 Excellent scalability and superior functionality
 Able to connect different types of computers and
networks
 Default protocol for Novell NetWare, Windows 2000/XP,
and Windows NT
 See Figure 6-6 for relationship to OSI model
23
TCP/IP Compared to OSI Model
24
TCP/IP
 Includes highly compartmentalized and
specialized protocols, including:
 Internet Protocol (IP) – Connectionless Network
layer protocol that provides source and destination
routing; fast, but unreliable
 Internet Control Message Protocol (ICMP) –
Network layer protocol that sends control messages;
PING uses ICMP
 Address Resolution Protocol (ARP) – Network
layer protocol that associates logical (IP) address to
physical (MAC) address
25
More TCP/IP Protocols
 Transmission Control Protocol (TCP) – primary
Internet transport protocol; connection-oriented; provides
reliable delivery; fragments and reassembles messages
 User Datagram Protocol (UDP) - connectionless
Transport layer protocol; fast, unreliable
 Domain Name System (DNS) – Session layer
name-to-address resolution protocol
 File Transfer Protocol (FTP) – performs file transfer,
works at Session, Presentation, and Application layers
26
More TCP/IP Protocols
 Telnet – remote terminal emulation protocol; operates at
three upper layers; provides connectivity through
dissimilar systems
 Simple Mail Transport Protocol (SMTP) –
operates at three upper layers to provide messaging;
allows e-mail to travel on Internet
 Routing Information Protocol (RIP) – Network layer
distance-vector protocol used for routing;
not suitable for large networks
 Open Shortest Path First (OSPF) – link-state routing
protocol; uses variety of factors to
determine best path
27
IP Addressing
 Logical addresses, 32-bits or 4 bytes long
 Four octets separated by periods, each with
decimal value from 0-255
 First part of address identifies network
 Second part of address identifies host or
individual computer
 IP addresses broken into classes
 Number of IP address registries under control of
Internet Assigned Numbers Authority (IANA)
28
IP Address Classes
 Three classes of IP addresses for normal
networking:
 Class A– addresses between 1-126; first octet
identifies network and last three identify host;
over 16 million hosts per network
 Class B – addresses between 128-191; first
two octets identify network and last two identify host;
over 65,000 hosts per network
 Class C – addresses between 192-223; first
three octets identify network and last one
identifies host; limited to 254 hosts per network
29
IP Address Classes
 Two classes of IP addresses have special
purposes:
 Class D – addresses range from 224-239;
reserved for multicasting; used for videoconferencing
and streaming media
 Class E – addresses range from 240-255;
reserved for experimental use
30
Special Service IP Addresses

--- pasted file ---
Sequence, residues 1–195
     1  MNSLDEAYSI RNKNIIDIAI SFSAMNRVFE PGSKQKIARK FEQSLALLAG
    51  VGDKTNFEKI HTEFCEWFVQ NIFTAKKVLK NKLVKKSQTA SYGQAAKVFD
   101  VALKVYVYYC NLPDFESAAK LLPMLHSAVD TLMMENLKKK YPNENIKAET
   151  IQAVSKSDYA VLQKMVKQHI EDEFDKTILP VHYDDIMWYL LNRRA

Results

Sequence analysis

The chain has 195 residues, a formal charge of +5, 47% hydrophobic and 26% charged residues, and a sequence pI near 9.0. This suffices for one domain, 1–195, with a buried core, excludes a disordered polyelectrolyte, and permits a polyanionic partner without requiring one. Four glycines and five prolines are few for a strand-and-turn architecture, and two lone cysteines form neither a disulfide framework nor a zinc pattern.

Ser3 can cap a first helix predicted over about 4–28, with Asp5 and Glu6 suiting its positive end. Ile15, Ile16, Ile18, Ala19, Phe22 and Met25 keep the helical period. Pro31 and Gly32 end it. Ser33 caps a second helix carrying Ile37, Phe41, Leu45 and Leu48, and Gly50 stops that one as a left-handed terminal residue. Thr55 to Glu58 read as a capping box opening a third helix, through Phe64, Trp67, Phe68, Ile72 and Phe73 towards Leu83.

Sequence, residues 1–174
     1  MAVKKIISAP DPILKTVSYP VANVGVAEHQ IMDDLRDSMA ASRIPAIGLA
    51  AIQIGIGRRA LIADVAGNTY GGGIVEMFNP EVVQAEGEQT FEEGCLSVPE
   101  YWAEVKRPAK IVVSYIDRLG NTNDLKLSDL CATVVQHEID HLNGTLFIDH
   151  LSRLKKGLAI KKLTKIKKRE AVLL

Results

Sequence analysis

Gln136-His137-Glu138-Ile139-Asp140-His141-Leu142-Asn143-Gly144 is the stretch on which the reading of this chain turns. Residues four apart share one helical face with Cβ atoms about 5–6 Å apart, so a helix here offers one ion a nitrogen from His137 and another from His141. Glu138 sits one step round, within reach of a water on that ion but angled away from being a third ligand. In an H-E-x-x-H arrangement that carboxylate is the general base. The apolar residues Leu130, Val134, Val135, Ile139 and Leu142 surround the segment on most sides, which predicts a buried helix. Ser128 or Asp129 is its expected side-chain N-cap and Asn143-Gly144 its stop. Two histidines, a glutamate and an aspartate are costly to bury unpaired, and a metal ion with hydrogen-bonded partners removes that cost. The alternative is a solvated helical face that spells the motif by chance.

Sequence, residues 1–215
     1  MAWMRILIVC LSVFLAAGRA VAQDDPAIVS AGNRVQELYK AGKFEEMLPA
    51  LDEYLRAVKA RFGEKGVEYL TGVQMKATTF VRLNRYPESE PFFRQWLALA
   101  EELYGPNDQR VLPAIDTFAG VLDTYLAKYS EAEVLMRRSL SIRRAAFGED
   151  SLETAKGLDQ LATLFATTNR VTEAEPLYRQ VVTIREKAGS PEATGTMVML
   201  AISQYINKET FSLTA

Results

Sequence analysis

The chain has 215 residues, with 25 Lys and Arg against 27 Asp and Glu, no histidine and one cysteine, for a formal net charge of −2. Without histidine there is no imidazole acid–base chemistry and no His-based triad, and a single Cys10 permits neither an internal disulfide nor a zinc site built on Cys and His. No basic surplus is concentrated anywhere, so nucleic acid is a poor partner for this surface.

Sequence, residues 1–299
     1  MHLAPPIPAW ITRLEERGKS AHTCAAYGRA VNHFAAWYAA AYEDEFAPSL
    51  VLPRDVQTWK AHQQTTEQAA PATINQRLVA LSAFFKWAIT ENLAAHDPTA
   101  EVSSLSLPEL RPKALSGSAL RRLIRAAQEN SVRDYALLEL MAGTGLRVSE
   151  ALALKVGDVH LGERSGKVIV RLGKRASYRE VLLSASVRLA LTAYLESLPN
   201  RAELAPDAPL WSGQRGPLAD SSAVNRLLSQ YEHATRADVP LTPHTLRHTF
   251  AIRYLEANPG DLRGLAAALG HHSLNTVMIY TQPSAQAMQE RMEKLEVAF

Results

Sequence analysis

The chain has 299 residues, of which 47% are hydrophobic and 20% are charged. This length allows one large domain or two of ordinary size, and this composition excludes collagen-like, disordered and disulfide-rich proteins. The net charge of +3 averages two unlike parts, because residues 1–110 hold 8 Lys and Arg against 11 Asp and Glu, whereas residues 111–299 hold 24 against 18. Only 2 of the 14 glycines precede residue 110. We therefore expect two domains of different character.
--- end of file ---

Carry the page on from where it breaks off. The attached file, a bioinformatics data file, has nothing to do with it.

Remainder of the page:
 Some addresses used for special services:
 IP addresses beginning with 127 are loopback
addresses; also called localhost
 Reserved addresses for private networks
include:
 Class A addresses beginning with 10
 Class B addresses from 172.16 to 172.31
 Class C addresses from 192.168.0 to 192.168.255
31
IPv6
 Current four byte version is IPv4
 Now reaching limit of 4-byte addresses
 IETF working on new implementation of TCP/IP,
designated IPv6
 Uses 16 byte addresses
 Retains backward compatibility with IPv4
4-byte addresses
 Will provide limitless supply of addresses
32
Classless Inter-Domain Routing (CIDR)
 Internet uses CIDR
 Demarcation between network and host not
always based on octet boundaries
 May be based on specific number of bits
from beginning of address
 Called subnetting, the process involves
“stealing” bits from host portion of address
for use in network address
 Provides fewer hosts on each networks but
more networks overall
33
Subnet Masks
 Part of IP address identifies network and part
identifies host
 IP uses subnet mask to determine what part
of address identifies network and what part
identifies host
 Network section identified by binary 1
 Host section identified by binary 0
34
Subnet Masks
 Each class of addresses has default subnet
mask
 Class A default subnet mask is 255.0.0.0
 Class B default subnet mask is 255.255.0.0
 Class C default subnet mask is 255.255.255.0
 All devices on single physical network or
network segment must share same network
address and use same subnet mask
35
Some Simple Binary Arithmetic
 Four kinds of binary calculations:
 Converting between binary and decimal
 Converting between decimal and binary
 Understanding how setting high-order bits to value of
1 in 8-bit binary numbers corresponds
to specific decimal numbers
 Recognizing decimal values for numbers that
correspond to low-order bits when they’re set
to value of 1
 Keep in mind that any number raised to
zero power equals one
36
Converting and Understanding High- and
Low- Bit Patterns
 Converting Decimal to Binary
 Divide number by 2 and write down remainder which
must be 1 or 0
 Converting Binary to Decimal
 Use exponential notation
 High-Order Bit Patterns
 See Table 6-1
 Low-Order Bit Patterns
 See Table 6-2
37
High-Order Bit Patterns
38
Low-Order Bit Patterns
39
Calculating a Subnet Mask
 Follow these steps to build subnet mask:
 Decide how many subnets you need
 Add two to number of subnets needed (one for
network address and other for broadcast address).
Then jump to next highest power of 2
 Reserve bits from top of host portion of address down
 Be sure enough host addresses to be usable are
left over
 Use formula 2
b